Bells and bell ringing

Church bells are the most historic sound many of us ever hear.

We can help you make sure your church bells keep ringing for a long time into the future.

Church bells being run G Pledger

Looking after your bells

Looking after your bells and bell frames is a specialist job. You should hire an experienced bell hanger or founder.

If you are planning to do work on the bells, make sure your specialist follows the Code of Practice. You are more likely to get your faculty and any funding if they do.

The code helps keep bells in use in a way that preserves their historic importance. And it helps you understand the bells that you have and think about what to do with them.

If you think your church’s bells are affecting the structure of the tower, consult a professional bell hanger or structural engineer for advice. And don’t forget to tell your architect.

What permissions do you need?

If you are planning to do any work to your bells, including maintenance, you will need to apply for permission.

In most cases, you will need a faculty.

But some works to bells are on List A or List B. For these, you will either need no permission or the written consent of your archdeacon. Talk to your diocese for advice.

What does “fit condition to be rung” mean?
List A
List B

Listed bells and bell frames

Bells and bell frames we think are worth preserving are often called listed.

The Church Buildings Council uses these criteria to decide if a bell or frame should be listed.


  • All bells older than 1600
  • Good quality bells from 1600 to 1750
  • Bells with special decoration
  • Rare bells
  • Bells in a group of 4 or more
  • Outstanding quality bells from 1750 to 1850
  • Significant examples of technical innovation after 1851

Bell frames:

  • Before 1599; still has a lot of original work
  • Post 1600; good quality and structurally complete
  • Post 1600; where the date and maker is known
  • Post 1600; frame shows technical innovation
  • Post 1600; frame shows unusual features

If you think a bell or frame should be listed, please contact our general enquiries.

Assess the significance and record your bell frames

Before doing any work to your bells or bell frames, you have to:

Hire a specialist to help you find out if they are of high historic interest or of little interest.

Together, you can:

Conduct an appraisal
Assess their significance
Choose the right level of recording
Gather evidence
Write a final report

Noise complaints and the law

You should be aware of your rights and responsibilities under the law in case someone complains about the ringing of your church’s bells or clock bell.

Read the advice of the Legal Advisory Commission of the General Synod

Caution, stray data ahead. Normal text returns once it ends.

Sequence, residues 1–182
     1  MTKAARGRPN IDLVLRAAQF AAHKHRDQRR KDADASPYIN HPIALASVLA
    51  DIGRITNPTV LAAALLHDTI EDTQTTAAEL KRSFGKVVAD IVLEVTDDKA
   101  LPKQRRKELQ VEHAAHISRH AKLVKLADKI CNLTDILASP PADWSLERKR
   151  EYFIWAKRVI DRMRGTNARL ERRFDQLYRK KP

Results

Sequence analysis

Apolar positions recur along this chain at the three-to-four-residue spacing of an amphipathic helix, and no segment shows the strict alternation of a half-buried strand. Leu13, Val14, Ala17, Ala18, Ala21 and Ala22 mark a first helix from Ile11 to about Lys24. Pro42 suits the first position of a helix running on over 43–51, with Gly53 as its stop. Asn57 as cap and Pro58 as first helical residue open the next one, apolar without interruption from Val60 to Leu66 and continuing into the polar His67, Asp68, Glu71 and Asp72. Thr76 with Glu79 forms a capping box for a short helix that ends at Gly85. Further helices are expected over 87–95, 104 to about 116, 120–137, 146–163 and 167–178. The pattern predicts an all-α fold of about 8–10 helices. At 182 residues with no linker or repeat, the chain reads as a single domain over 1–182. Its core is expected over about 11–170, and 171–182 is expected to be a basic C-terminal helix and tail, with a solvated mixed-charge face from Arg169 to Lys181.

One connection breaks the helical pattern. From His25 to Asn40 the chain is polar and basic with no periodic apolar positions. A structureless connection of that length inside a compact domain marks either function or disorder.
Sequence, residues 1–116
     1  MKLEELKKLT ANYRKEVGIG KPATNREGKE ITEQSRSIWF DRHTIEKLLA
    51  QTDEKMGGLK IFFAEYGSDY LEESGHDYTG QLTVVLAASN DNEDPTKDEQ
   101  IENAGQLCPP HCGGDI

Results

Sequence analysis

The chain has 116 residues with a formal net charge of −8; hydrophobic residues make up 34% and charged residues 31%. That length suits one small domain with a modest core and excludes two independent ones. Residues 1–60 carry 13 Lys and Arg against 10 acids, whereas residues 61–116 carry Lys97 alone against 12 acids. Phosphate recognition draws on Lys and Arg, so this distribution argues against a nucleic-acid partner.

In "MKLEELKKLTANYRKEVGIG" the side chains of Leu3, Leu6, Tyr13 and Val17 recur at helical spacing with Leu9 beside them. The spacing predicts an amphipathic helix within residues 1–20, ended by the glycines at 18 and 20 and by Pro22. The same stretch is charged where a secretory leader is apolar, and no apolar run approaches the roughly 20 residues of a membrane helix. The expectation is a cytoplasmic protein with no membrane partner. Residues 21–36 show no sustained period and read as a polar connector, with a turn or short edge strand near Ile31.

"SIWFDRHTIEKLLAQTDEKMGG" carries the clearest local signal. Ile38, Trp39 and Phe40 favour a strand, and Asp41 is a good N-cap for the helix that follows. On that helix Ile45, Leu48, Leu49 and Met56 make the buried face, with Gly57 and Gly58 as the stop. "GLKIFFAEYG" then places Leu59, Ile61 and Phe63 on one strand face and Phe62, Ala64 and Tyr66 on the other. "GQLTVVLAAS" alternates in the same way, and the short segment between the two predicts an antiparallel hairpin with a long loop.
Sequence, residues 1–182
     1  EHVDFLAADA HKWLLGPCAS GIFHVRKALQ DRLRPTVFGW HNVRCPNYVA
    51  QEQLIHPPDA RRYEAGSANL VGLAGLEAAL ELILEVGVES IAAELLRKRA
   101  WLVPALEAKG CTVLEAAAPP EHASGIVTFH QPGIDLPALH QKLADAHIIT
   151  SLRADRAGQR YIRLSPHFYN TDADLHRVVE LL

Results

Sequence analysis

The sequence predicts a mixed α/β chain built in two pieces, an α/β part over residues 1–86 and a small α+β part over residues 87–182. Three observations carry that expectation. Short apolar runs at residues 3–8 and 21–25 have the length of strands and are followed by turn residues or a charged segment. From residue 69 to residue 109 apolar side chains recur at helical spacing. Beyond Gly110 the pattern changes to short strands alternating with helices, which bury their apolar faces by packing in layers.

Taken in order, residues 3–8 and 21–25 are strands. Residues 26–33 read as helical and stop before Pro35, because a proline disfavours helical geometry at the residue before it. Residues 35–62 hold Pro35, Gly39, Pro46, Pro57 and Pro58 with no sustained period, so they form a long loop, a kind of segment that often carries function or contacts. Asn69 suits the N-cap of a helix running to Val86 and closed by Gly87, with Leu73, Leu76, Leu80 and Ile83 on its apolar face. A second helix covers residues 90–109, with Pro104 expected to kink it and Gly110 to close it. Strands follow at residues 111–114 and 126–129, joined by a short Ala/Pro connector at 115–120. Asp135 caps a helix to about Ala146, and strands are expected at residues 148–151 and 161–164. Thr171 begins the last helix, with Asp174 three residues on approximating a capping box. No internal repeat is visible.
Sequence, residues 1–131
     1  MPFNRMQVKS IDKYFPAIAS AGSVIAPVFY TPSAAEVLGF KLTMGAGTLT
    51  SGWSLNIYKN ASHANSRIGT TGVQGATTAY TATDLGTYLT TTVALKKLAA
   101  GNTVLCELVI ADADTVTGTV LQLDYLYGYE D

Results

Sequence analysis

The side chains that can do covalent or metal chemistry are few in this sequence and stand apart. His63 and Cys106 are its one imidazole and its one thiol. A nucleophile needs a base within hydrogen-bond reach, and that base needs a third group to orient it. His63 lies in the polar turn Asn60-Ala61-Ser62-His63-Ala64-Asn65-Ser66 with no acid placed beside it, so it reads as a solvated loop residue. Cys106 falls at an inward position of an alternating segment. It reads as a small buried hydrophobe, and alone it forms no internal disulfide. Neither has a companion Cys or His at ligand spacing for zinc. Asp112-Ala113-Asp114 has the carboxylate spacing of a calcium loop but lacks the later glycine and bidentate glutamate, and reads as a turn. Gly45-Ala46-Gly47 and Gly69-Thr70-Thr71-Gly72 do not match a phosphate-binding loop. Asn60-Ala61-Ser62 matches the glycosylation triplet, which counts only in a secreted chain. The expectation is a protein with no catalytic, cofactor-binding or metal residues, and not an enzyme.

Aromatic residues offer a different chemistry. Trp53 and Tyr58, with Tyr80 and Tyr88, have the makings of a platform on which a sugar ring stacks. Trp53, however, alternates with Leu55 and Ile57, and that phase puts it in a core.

Ecclesiastical law
Common law
The Environmental Protection Act 1990

Who can take action?

Anyone whose enjoyment of their property is being affected.

The courts will consider:

  • How close the property is to the church
  • And if the person just recently moved into the area knowing there was a church nearby

How to avoid complaints

  1. Ring regularly at known times
  2. Fix a pattern for additional ringing (e.g. weddings, visitors, meetings, etc.)
  3. Be considerate of your neighbours
  4. Publicise special ringing events
  5. Maintain good striking
  6. Hold open days to make people aware of ringing and the ringers
  7. Be reasonable

Dealing with complaints

If someone makes a complaint:

1. Respond politely and quickly

  • Be reasonable and try to reach a friendly solution from the start
  • Be prepared to change your ringing pattern to reach a compromise
  • Discuss the problem face to face and invite the person to watch the ringing and meet the ringers
  • Explain why and when the bells are usually rung. And for how long
  • Make sure the clergy, wardens and ringers all work together
  • Appoint one spokesperson to avoid confusion
  • Take the environmental health officer seriously

2. Keep a written record of complaints and any action taken

3. Seek experienced help

Advice for closing churches

If your church is closing, you may need to apply for permission to remove and store the bells. Some organisations will even help you find them a new home.

You should try and preserve them whenever possible and not sell them as scrap except as a last resort.

Find out more about furnishings no longer needed for worship

Also of interest

Apply for a grant

Let us help you restore your historic bells

Learn more about your historic bells

Search for your church in our heritage database

Become a bell ringer

Ask your local church or the Central Council of Church Bell Ringer

Learn about the rings of bells

Search the Dove’s guide for church bell ringers